Stock Markets
Daily Stock Markets News

Satellite images show deforestation toll of Indonesia mines

Indonesia's nickel reserves are the world's largest
Indonesia’s nickel reserves are the world’s largest.

More than 700,000 hectares of forest in Indonesia have been cleared for mining since 2001, including large tracts of primary forest, a new analysis using satellite data has found.

The TreeMap, a conservation start-up, used high-resolution imagery from several satellites and two decades of data from the long-running Landsat program to map mines and related infrastructure and track deforestation.

It estimates that mining—including pits, processing facilities, tailings areas and roads—resulted in the clearing of 721,000 hectares (7,210 square kilometers) of forest between 2001 and 2023.

An estimated 150,000 hectares of that was primary forest, areas with high carbon stock and tall trees that include intact old growth, according to the analysis released this week.

The group’s Nusantara Atlas shows the striking disappearance of forest cover in time-lapse sequences as mines and associated infrastructure are developed.

The mines were identified using a combination of “visual interpretation and machine learning“, explained David Gaveau, founder of The TreeMap.

“Open-pit mines are easily identified… by their concentric lines of benches cut into the pit sides for coal mines, or by their tendency to be located along river banks, for gold,” he explained.

All types of mines also have distinctive “spectral signatures”—a measurement of energy—that are characteristic of bare land areas and are easily detectable, he added.

The group cross-referenced their findings with official maps of mining concessions, local media articles and NGO reports.

Using historical satellite images also allowed them to detect now-abandoned mines that have become overgrown.

The impact from coal mining was by far the largest, accounting for around half of all the deforestation tracked, followed by gold, tin and nickel.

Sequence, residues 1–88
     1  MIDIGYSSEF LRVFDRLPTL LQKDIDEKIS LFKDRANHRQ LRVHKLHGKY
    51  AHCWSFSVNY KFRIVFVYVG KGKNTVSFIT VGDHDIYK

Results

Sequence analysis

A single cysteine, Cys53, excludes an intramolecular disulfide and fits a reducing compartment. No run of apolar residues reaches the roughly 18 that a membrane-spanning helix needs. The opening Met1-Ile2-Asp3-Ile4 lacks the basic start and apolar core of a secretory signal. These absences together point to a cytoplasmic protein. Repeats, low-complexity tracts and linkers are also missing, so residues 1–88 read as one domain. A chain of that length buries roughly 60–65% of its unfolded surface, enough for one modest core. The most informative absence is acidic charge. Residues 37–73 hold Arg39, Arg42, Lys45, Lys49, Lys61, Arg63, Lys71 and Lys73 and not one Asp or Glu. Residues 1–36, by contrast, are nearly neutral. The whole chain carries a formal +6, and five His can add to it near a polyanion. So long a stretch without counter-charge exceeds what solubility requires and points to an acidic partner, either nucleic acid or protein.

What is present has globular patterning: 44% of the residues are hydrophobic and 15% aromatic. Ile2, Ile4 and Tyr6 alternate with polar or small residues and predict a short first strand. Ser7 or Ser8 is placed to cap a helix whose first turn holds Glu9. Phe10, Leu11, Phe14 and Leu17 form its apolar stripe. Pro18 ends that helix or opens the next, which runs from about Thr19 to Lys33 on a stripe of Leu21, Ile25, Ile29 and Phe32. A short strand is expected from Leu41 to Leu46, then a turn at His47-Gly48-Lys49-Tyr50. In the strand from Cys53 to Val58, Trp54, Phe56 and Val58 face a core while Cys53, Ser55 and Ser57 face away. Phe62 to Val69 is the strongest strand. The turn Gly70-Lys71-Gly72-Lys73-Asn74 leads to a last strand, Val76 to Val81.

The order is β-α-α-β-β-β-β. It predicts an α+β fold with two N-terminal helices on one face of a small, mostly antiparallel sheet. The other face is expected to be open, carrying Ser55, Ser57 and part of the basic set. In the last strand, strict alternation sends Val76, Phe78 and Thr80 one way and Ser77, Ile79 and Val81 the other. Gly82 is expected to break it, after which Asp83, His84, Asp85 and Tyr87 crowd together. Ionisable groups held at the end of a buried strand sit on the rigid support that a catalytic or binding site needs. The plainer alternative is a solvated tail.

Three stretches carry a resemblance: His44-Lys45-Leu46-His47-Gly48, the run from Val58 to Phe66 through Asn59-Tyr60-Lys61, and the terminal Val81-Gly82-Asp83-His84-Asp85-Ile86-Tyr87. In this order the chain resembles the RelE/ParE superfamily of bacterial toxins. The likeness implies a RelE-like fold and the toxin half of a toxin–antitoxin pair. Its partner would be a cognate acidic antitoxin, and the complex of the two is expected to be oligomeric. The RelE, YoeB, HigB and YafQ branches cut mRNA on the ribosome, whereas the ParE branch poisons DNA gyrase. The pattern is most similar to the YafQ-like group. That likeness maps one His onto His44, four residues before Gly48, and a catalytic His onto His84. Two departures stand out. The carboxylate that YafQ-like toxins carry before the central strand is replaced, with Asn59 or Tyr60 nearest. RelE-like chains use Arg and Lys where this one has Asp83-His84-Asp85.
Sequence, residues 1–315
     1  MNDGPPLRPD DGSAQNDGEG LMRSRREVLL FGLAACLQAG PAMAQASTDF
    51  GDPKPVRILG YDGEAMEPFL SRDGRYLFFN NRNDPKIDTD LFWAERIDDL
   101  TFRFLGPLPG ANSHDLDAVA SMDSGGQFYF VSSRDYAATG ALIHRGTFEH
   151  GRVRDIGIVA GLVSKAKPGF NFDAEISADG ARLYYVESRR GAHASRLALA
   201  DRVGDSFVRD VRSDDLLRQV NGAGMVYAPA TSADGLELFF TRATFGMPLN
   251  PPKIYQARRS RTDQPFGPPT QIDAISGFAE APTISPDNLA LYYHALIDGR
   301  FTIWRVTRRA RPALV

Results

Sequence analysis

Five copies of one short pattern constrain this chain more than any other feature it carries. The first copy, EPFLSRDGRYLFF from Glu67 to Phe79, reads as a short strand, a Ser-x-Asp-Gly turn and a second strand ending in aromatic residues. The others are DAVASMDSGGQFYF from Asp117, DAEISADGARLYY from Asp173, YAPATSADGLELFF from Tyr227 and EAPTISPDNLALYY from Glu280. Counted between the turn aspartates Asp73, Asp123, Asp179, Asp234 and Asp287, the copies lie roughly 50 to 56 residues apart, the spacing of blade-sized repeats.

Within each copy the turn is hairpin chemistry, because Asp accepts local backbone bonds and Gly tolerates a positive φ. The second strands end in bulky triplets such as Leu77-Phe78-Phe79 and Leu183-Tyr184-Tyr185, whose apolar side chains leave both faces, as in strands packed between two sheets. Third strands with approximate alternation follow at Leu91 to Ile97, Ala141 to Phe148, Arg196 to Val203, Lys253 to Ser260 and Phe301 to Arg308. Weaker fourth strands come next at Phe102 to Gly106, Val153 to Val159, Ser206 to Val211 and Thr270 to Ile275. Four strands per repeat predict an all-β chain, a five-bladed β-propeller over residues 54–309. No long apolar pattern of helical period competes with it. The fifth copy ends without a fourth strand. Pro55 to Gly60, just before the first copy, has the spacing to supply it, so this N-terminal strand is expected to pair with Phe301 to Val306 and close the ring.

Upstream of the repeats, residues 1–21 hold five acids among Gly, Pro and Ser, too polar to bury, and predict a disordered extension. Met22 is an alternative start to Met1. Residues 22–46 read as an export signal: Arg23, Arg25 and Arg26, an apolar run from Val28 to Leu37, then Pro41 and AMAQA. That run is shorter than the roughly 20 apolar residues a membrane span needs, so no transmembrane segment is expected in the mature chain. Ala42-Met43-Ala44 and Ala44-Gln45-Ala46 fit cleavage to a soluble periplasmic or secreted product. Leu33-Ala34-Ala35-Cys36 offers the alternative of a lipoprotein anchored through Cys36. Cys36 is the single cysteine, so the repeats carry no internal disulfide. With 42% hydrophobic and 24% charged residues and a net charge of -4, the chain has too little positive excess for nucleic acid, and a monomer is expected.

And while the data showed a peak in deforestation in 2013, the problem has begun growing again in recent years.

By 2023, mining was linked to an annual loss of nearly 10,000 hectares of primary forest, Gaveau said.

Indonesia’s environment ministry did not respond to a request for comment on the analysis.

The government’s latest public figures, which are not broken down by cause, say over 73,000 hectares of forest area was lost in 2021-22, with more than 104,000 hectares of total deforestation that year, including “non-forest area”.

Deforestation linked to mining still falls far short of the forest loss caused by palm oil and wood plantations.

But it is an area of growing concern, with Indonesia’s reliance on coal increasing and the country looking to expand exploitation of its nickel reserves.

Indonesia has the world’s largest reserves of highly sought-after nickel, a crucial component for the batteries used in electric vehicles.

A 2022 study found that 80 percent of global forest loss linked to mining occurred in just four countries: Indonesia, Brazil, Ghana and Suriname.

Indonesia was by far the worst affected however, accounting for nearly 60 percent of the global mining-linked forest loss tracked in the study.

© 2024 AFP

Satellite images show deforestation toll of Indonesia mines (2024, July 5)
retrieved 5 July 2024

This document is subject to copyright. Apart from any fair dealing for the purpose of private study or research, no
part may be reproduced without the written permission. The content is provided for information purposes only.

Read More: Satellite images show deforestation toll of Indonesia mines

Notify of
Inline Feedbacks
View all comments

Get more stuff like this
in your inbox

Subscribe to our mailing list and get interesting stuff and updates to your email inbox.

Thank you for subscribing.

Something went wrong.